PARIS (Reuters) – Neighbourhood bookstores in France survived the television and later the advent of online shopping. Then came the coronavirus lockdown, an eight-week-long hiatus that has weighed heavily on profit margins and threatens the survival of some stores.
Bookseller Philippe Seyrat, wearing a protective face mask, arranges books at La Sorbonne bookstore in Nice as France softens its strict lockdown rules during the outbreak of the coronavirus disease (COVID-19) in France, May 13, 2020. REUTERS/Eric Gaillard
France’s bookstores were allowed to reopen on Monday for the first time since March 17 as the government tries to balance the need to resuscitate a crashing economy with the risk that the spread of the new coronavirus accelerates once more.
At the ICI bookstore in Paris’ 2nd arrondissement, wearing a mask is compulsory and hand sanitizer is readily available at the front door and inside to allow customers to pick up and flick through whichever book catches their eye.
“People are being careful not to touch the books too much. And we tell them that if they touch the books, they can but they must use the (sanitizing) gel each time,” said co-founder Anne-Laure Vial.
Bouetard’s 12 employees are back on the payroll after being temporarily furloughed, and the store has applied for two loans to help cover overhead costs.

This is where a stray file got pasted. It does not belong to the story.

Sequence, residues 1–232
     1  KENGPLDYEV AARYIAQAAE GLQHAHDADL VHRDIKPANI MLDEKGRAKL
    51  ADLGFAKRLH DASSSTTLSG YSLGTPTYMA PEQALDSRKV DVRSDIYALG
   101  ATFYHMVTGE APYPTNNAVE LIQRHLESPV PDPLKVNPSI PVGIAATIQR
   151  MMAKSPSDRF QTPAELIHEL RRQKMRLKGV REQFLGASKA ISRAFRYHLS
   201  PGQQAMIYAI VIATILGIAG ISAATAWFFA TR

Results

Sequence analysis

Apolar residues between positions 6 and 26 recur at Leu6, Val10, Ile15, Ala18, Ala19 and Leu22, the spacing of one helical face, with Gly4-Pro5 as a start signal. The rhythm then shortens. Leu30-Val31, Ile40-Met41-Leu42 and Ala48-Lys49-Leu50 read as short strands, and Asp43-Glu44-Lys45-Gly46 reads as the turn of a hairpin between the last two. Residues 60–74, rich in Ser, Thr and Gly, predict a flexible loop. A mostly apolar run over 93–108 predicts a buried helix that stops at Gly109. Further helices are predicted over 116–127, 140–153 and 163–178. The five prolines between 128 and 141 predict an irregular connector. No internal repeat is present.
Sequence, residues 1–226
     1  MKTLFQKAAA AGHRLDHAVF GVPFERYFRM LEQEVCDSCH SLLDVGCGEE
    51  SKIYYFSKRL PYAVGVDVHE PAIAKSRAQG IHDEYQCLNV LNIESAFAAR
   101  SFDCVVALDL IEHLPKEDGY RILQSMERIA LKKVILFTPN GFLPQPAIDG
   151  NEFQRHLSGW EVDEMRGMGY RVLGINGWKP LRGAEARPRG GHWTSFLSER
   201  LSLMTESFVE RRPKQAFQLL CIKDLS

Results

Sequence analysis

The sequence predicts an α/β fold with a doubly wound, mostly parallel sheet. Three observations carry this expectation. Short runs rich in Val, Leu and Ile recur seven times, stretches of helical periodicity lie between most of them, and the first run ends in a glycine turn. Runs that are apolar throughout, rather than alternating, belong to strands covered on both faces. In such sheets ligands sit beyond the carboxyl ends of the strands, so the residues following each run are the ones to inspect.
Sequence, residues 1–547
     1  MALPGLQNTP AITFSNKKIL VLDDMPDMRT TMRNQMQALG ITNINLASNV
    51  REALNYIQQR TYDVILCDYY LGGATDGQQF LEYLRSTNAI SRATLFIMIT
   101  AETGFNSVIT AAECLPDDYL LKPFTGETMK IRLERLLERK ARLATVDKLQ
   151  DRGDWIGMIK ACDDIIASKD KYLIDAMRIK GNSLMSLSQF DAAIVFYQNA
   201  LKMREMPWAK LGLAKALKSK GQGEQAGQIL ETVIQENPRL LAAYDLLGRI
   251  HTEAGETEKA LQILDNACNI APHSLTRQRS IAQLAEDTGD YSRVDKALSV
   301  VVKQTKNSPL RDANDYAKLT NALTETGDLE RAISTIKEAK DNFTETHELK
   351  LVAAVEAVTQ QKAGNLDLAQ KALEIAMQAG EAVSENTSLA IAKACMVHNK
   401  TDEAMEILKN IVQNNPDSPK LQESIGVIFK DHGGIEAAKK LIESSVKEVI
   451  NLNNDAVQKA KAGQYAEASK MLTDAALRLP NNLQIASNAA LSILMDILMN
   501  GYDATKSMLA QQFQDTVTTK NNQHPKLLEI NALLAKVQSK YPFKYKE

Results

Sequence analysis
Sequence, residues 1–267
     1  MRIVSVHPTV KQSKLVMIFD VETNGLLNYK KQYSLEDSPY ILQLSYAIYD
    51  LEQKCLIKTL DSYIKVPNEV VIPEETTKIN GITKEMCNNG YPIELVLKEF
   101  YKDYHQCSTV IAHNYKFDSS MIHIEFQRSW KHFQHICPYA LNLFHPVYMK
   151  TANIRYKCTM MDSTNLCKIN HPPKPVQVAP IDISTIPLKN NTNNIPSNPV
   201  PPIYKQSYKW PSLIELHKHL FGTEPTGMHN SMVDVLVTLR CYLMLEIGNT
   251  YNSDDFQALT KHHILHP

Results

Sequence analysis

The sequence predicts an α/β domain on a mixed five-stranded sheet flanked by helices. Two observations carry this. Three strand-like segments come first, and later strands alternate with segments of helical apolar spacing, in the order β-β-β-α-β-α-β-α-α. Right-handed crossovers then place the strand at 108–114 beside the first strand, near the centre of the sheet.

France is a paradise for bibliophiles. Large chain booksellers exist, but independent bookstores are a ubiquitous feature of Parisian neighbourhoods.
Inside, the bustle of the French capital slows to a sedate tempo as patrons browse the shelves.
France has jealously protected its cultural life and institutions for decades. The French notion of ‘l’exception culturelle’ means more than cultural exceptionalism – it points to the belief that national culture should be shielded from free-market forces.
Subsidies, quotas, income support and tax breaks help prop up French music, cinema and literature. It also has a law which prevents bookstores slashing prices in order to protect writers.
Even so, margins are tight.
“The difficulty comes if we don’t get enough business to cover our costs,” said Vial, who is worried about a slow rebound. “We must hold on for several months. It’s not a given.”
The government is aware of the perils they and others face.
“They have very weak margins, very weak profits, and so they could have trouble finding the finances to pay back loans,” Finance Minister Bruno Le Maire said during a visit to another bookstore last week. “We could have a string of bankrupt bookstores. That’s exactly what we want to avoid.”
Browsing the ICI’s shelves of comics among the 60,000 titles on sale was six-year-old Marcel di Nicola.
The lockdown, his mother Florence said, had been a rare opportunity to focus on reading.
“We don’t leave him alone in front of the television. So as soon as homework is done, we need to find another activity and something he can do alone,” she said.
Reporting by Michaela Cabrera; Writing by Richard Lough; Editing by Gareth Jones